By Genevieve Davis
I am not a naturally happy person. Maybe it’s thanks to my DNA, my brooding astrological sign, some trauma I acquired early in life or a cosmic cocktail of the three but I tend to look at the opposite of the bright side. Everyone has their own innate happiness setting and mine has historically been somewhere between “dark blue” and “perpetually concerned.”
If you met me today that might surprise you. I come across as buoyant and generally pleased to be alive. This is not me being fake. It’s because I have changed my disposition. Over time I have deliberately and carefully repatterned my brain to become a more naturally joyful version of myself. No prescriptions involved.
There have been periods of darkness accompanied by attempts at medication but I didn’t like how they blunted my mind and spirit. I felt like I was moving through the world in layers of bubble wrap. I knew there had to be another way but I wasn’t sure what it looked like. So, I made a study of how to rewire my brain. I read articles, books, watched documentary films, talked to experts, listened to interviews -- all about how to be less bummed. It turns out that happiness is not a divine accident, something that only lucky people get to experience.
There’s no silver bullet. It’s a series of incremental decisions I make every day based on my research and a lot of trial and error. Just like exercising it’s not something done once and, voila, you have a great ass. It takes commitment, but it is possible and accessible. What works for me may not be the exact combination of factors that work for you but here’s my quick (and abbreviated) cheat sheet:
If you do this combination of things on a consistent basis it’s really hard to be totally pissed off at the world or depressed. It’s not gonna change overnight, but shifts will happen. None of these things are expensive or particularly time consuming. You don’t need a fancy gym membership or a plane ticket. It doesn’t cost anything to say you’re sorry when you mess up, but it’ll make you feel a hell of a lot better.
What’s on the list twice? Journaling. That’s not an error, it’s because it has been that important to my process. It’s why I started AllSwell, in an attempt to share with others what I have found to be quietly and radically transformative for myself.
To be clear: I don’t float around in a state of bliss. I still have challenging days but they don’t pin me down any more. I know what to do about it. I go back to my list and gradually my mood shifts.
Despite who I am today, there is who I used to be. I’m grateful to that version of myself because she gave me a place from which to start this journey, a baseline empathy and a tender heart. But I’m really glad to be operating in this world at a higher frequency and if you’re having a tough time I wish the same for you.
Go have some fun and write about it. Need a jump start? Check out the latest round-up of AllSwell Reads below. Click through to meet some amazing people (like you).
Photo by Heidi Zumbrun
Over the past decade the amount of first-class mail has dropped by more than 50%. Not counting holiday cards and invitations the average American household receives just 10 pieces of personal mail per year. Nearly half of British children, according to one survey, have never sent a handwritten letter. In an age of torrential email, incessant group texts and lackadaisical Facebook birthday posts, snail mail has become archaic, almost vintage. But that doesn’t mean its days are over. Read more at the link above.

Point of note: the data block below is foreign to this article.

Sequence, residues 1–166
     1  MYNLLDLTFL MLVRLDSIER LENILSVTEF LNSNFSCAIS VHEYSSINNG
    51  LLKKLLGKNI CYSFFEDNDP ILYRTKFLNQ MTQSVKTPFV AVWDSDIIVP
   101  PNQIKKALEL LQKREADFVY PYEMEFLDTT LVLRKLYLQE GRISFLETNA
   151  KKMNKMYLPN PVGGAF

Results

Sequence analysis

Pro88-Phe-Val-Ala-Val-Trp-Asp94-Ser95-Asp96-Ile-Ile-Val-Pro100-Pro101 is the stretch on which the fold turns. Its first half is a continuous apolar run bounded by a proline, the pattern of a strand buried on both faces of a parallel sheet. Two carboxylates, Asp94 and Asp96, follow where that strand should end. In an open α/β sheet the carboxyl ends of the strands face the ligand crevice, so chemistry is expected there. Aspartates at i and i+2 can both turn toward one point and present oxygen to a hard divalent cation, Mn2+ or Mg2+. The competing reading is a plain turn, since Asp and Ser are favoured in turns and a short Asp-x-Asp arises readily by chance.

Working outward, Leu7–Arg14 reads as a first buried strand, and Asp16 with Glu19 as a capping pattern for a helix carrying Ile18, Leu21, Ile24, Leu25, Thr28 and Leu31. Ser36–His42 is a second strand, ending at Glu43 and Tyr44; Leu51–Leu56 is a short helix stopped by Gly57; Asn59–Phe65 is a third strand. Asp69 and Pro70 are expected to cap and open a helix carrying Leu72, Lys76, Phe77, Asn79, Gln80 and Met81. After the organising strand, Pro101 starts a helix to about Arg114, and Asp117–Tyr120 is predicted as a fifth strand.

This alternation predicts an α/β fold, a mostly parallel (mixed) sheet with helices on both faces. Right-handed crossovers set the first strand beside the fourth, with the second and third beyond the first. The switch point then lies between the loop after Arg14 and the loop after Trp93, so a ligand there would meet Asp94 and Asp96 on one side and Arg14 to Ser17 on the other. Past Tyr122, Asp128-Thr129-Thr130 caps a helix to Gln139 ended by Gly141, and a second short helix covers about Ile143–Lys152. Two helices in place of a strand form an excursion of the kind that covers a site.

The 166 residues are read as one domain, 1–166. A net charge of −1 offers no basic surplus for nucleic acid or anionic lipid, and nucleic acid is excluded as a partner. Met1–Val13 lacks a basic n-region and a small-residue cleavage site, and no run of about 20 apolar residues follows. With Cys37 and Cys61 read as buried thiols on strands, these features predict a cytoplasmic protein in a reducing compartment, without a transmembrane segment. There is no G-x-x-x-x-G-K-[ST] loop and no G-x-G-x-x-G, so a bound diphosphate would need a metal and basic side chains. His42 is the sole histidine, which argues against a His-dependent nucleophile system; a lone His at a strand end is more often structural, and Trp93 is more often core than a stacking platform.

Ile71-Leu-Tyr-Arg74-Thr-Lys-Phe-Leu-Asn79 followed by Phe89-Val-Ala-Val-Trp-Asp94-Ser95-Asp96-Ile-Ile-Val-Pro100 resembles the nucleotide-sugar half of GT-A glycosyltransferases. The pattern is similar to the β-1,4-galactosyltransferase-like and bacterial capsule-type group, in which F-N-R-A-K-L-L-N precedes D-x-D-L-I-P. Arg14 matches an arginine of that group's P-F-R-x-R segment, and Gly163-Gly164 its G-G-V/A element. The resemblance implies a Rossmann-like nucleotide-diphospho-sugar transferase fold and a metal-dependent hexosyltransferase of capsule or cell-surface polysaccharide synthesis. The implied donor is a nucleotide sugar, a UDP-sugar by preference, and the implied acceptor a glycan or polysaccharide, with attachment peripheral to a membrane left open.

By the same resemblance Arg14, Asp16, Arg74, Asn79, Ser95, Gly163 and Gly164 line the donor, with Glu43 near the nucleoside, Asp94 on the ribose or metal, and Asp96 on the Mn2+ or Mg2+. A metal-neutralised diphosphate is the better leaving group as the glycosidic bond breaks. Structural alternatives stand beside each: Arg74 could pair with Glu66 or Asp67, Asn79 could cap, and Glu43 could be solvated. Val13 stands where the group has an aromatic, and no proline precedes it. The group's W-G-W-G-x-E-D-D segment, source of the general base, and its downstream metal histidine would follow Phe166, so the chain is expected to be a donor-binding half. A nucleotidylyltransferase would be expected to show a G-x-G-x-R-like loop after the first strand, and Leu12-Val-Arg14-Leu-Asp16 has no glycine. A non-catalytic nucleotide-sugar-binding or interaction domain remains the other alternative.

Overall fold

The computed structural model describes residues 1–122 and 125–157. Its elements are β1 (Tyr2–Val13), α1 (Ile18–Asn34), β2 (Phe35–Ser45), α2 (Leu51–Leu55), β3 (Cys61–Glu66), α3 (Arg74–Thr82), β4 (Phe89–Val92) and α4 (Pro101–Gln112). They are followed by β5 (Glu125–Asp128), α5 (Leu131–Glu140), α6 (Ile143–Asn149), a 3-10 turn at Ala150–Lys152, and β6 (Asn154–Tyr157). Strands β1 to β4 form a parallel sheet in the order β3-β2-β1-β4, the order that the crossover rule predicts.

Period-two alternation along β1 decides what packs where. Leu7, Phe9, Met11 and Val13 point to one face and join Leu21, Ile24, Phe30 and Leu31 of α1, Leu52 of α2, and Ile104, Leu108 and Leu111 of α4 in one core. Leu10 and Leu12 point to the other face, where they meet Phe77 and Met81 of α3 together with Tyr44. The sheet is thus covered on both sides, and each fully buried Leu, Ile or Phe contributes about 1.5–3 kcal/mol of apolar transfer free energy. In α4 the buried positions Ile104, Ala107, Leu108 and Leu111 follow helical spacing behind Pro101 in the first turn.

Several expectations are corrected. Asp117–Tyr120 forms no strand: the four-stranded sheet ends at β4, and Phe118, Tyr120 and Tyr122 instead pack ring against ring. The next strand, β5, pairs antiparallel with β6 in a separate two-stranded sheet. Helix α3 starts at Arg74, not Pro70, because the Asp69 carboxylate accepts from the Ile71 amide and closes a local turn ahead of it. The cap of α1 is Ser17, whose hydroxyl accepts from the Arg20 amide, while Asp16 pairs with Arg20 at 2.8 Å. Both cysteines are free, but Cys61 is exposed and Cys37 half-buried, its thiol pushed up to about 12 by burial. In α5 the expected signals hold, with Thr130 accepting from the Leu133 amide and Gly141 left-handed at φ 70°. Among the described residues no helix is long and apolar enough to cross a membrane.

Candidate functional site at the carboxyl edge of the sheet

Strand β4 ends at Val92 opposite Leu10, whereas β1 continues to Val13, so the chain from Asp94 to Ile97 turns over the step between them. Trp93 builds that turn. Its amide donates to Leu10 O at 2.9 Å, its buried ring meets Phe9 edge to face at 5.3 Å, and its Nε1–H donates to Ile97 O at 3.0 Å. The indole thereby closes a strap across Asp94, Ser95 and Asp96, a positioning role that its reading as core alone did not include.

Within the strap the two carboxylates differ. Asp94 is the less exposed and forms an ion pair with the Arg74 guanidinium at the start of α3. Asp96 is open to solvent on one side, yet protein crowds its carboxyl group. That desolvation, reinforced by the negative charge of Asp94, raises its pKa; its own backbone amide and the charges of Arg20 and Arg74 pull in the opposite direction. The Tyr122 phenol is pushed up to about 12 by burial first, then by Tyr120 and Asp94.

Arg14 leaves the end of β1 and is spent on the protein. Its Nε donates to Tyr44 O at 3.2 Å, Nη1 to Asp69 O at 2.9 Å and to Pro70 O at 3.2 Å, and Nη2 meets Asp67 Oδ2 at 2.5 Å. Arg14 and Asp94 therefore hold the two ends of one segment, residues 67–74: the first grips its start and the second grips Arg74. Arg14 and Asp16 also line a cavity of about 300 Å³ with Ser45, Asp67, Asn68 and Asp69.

By Ben Ono
The past 10 years have seen an explosion in the scientific study of happiness. The findings so far are complex and incomplete. But if they could be distilled into one simple prescription for happiness, it would probably be this: say thank you. Gratitude, it seems, is a key—perhaps the key—to feeling more satisfied with your life. It improves your relationships, increases success in the workplace, it’s even good for your (literal) heart. Listen in at the link above.
By Genevieve Davis
“I’ve been journaling since I was a single digit. A family friend gave me my first diary as a gift for my 8th birthday. It was a smallish book with a floral cover and a little golden lock and key so I could keep my thoughts private. In retrospect it was one of the most meaningful gifts I would ever receive. I still have that journal.” Our founder Laura Rubin chatted with Bravo TV about her pen to paper practice and the many proven benefits it presents. Dive in at the link up top.
By Laura Aziz
The time-suck that is Instagram has a literary upside. Go figure. Poetry may be an art form but it’s rarely been a career even for the most legendary poets. William Carlos Williams was a doctor. Wallace Stevens was an insurance executive. Charles Bukowski held a bevy of odd jobs, including work as a dishwasher, a truck driver, a gas-station attendant, and a postal clerk. The poet’s story has long been one of a double life, split between two urgent duties: making a living and making art. With the rise of Instagram, that is changing. Read more at the link above.
Photo by Heidi Zumbrun
Hemmingway said, “Write drunk, edit sober” and we’re pretty sure he meant that literally. But if an artist’s job is to see the world and things as they really are, and to simultaneously imagine something new entirely. Oscar Wilde was not the only artist to proclaim alcohol as a pathway towards both. But does alcohol lubricate our creativity or stifle our best work? Creatives weigh in on how sober stints have impacted their creative process and offer advice for rethinking your relationship with alcohol. Read more at the link up top.